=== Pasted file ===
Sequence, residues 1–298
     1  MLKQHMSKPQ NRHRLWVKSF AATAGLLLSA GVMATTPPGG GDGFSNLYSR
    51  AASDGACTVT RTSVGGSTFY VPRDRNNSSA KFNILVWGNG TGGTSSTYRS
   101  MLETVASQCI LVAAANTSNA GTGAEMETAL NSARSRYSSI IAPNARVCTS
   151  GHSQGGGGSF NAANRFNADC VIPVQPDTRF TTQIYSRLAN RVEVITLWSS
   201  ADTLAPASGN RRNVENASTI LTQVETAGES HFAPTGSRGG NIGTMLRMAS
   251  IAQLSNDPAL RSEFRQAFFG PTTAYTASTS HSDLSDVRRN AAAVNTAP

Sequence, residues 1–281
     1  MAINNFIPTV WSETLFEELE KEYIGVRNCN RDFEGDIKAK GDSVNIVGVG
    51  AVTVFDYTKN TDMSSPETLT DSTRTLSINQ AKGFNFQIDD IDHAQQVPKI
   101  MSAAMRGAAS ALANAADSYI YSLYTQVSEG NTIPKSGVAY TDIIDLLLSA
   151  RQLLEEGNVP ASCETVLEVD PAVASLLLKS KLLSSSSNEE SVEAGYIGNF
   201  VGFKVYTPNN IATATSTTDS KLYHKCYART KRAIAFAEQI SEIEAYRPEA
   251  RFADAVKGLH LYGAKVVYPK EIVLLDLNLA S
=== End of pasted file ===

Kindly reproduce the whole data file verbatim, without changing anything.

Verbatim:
Sequence, residues 1–298
     1  MLKQHMSKPQ NRHRLWVKSF AATAGLLLSA GVMATTPPGG GDGFSNLYSR
    51  AASDGACTVT RTSVGGSTFY VPRDRNNSSA KFNILVWGNG TGGTSSTYRS
   101  MLETVASQCI LVAAANTSNA GTGAEMETAL NSARSRYSSI IAPNARVCTS
   151  GHSQGGGGSF NAANRFNADC VIPVQPDTRF TTQIYSRLAN RVEVITLWSS
   201  ADTLAPASGN RRNVENASTI LTQVETAGES HFAPTGSRGG NIGTMLRMAS
   251  IAQLSNDPAL RSEFRQAFFG PTTAYTASTS HSDLSDVRRN AAAVNTAP

Sequence, residues 1–281
     1  MAINNFIPTV WSETLFEELE KEYIGVRNCN RDFEGDIKAK GDSVNIVGVG
    51  AVTVFDYTKN TDMSSPETLT DSTRTLSINQ AKGFNFQIDD IDHAQQVPKI
   101  MSAAMRGAAS ALANAADSYI YSLYTQVSEG NTIPKSGVAY TDIIDLLLSA
   151  RQLLEEGNVP ASCETVLEVD PAVASLLLKS KLLSSSSNEE SVEAGYIGNF
   201  VGFKVYTPNN IATATSTTDS KLYHKCYART KRAIAFAEQI SEIEAYRPEA
   251  RFADAVKGLH LYGAKVVYPK EIVLLDLNLA S